One of the most useful concepts in astrophysics is that things should be scaled using a scale that we can understand.

Some numbers:

- Mass of Sun: \(M_\odot = 1.99 \times 10^{30}\mathrm{kg}\);
- Radius of Sun: \(6.9 \times 10^{5}\mathrm{km}\);
- Average Density: \(1.4\mathrm{g/cm^3}\);
- Surface Gravity: \(27 g_E\);
- Core Density: \(150\mathrm{g/cm^3}\);
- Core Temperature: \(1.5\times 10^7\mathrm{K}\) which corresponds to energy of \(1\mathrm{keV}\).

The sun is composed of

1. X = H mass fraction of \(0.70\); 1. Y = He mass fraction of \(0.26\); 1. X = Li mass fraction of \(0.04\).

Kepler’s law can be easily derived from Newton’s dynamics.

The first law is about the

A table of wavebands in astronomy is something like this.

Refer to doppler-shift.

There are two important processes that produces photons in astrophysical environment, namely thermal Bremsstrahlung and synchrotron radiation.

The quantities we are interested in are cross section and radiated power, both of which are Lorentz invariant.

Total cross section of Thomson scattering can be obtained using only classical electrodynamics. The physics behind it is that the electric field excerts force on an electron then the electron emits photons to all possible direction as it oscillates.

The incoming power per unit area is

\[P_{inc}= c u_{rad},\]

as \(u_{rad} = \frac{E^2}{4\pi}\) is the energy density of EM field.

The outgoing or scattered wave power (total) is

\[P_{scatt} = \frac{2}{3}\frac{e^4}{m_e^2 c^3} E^2.\]

The total cross section is ratio of the two quantity, i.e.,

\[\sigma_T \equiv \frac{P_{scatt}}{P_{inc}} =\frac{8\pi e^4}{3 m_e ^2 c^4} = \frac{8\pi (\alpha \hbar c)^2}{3 m_e ^2 c^4},\]

in which the fine structure constant is defined as \(\alpha = \frac{e^2}{\hbar c}\).

The full quantum electrodynamics result is called Klein-Nishima formula, which describes the total cross section of coliding photon and electron,

\[\sigma_{K-N} = \frac{\pi e^4}{m_e^2 c^4} \frac{1}{\epsilon} \left[ \left(1 - \frac{2(\epsilon+1)}{\epsilon^2}\right) \ln (2\epsilon + 1) + \frac{1}{2} + \frac{4}{\epsilon} - \frac{1}{2(2\epsilon + 1)^2} \right],\]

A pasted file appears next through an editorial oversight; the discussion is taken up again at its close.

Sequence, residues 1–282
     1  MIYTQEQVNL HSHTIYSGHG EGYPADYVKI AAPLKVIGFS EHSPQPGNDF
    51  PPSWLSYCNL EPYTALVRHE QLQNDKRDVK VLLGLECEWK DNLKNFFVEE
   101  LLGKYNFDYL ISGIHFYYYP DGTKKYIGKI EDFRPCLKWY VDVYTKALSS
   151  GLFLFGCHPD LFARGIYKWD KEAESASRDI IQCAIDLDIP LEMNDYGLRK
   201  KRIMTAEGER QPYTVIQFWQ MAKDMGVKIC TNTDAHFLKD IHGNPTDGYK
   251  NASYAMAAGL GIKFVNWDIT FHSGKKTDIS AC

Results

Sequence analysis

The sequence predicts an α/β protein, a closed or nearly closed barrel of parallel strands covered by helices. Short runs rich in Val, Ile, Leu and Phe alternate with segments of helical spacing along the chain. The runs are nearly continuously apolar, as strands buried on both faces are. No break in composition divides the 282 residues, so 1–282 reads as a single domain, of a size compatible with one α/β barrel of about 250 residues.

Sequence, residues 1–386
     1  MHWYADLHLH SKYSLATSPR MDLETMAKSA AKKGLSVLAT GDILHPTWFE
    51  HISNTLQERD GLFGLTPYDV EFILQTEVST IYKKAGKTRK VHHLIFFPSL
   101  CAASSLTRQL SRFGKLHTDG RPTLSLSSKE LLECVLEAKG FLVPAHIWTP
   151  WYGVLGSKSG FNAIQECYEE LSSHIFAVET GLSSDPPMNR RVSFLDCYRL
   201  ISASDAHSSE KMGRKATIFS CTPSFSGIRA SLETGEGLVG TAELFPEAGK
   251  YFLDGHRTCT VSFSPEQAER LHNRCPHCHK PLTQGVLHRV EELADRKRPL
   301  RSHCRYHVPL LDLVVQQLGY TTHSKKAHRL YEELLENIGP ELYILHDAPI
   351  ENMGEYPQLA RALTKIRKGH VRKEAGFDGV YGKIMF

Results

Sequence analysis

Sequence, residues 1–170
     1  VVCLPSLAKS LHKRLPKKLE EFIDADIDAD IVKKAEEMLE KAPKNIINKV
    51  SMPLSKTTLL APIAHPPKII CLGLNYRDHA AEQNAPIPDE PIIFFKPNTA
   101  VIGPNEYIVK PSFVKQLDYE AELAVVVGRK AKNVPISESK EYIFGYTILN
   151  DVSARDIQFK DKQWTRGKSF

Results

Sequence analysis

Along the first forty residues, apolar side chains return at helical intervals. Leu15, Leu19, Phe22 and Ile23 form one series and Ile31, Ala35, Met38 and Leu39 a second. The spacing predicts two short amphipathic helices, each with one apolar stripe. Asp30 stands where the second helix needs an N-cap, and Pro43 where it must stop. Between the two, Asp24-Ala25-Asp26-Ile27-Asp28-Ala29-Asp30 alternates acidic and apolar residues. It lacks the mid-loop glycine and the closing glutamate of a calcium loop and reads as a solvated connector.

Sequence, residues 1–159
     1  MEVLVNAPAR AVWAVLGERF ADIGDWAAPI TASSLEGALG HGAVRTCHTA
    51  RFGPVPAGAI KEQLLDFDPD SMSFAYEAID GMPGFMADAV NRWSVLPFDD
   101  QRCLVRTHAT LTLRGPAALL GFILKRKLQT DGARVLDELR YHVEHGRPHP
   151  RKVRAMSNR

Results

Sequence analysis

where \(\epsilon = \frac{E}{m_e c^2}\).

In the limit that energy of electron is much larger than photons, we have \(\epsilon\) is much smaller than 1, we would come back to the Thomson limit, which is true for our equation,

\[\begin{split}\sigma_{K-N} &= \sigma_T \frac{3 \left(\left(1-\frac{2 (x+1)}{x^2}\right) \log (2 x+1)+\frac{4}{x}-\frac{1}{2 (2 x+1)^2}+\frac{1}{2}\right)}{8 x} \\
& = \sigma_T (1 - 2\epsilon + O(x^2)).\end{split}\]

To have more understanding on this formula, I ploted \(\sigma_{K-N}\) in terms of \(\sigma_T\) as the energy scale \(\epsilon\) changes.

The stars do shake, from inside out.

Long period variable such as Cepheids pulsate in the luminosity. This is because of the radial oscillation mode with a approximate period of

\[P_{dynamical} \approx \left( \frac{R^3}{GM} \right)^{1/2} \approx (G\bar \rho)^{-1/2},\]

in which we have the radius of the star as \(R\), mass of the star as \(M\) and mean density \(\bar \rho\). **The good thing of this oscillation immediately shows us the mean density of the star, even without any furthure inspectation.**

There are double mode Cepheids, whose modes provides information about mass and radius.

Our sun, up to now we have identified thousands of individual modes. And more modes as many as \(10^{6}\) modes can be determined accurately.[helioosc]_

[helioosc] | Jørgen Christensen-Dalsgaard’s Lecture Notes |

- Double mode Cepheids, J. Otzen Petersen, 1973, 1974, 1978.
- An introduction of seismology applied to stars. http://ap.smu.ca/~guenther/seismology/seismology.html

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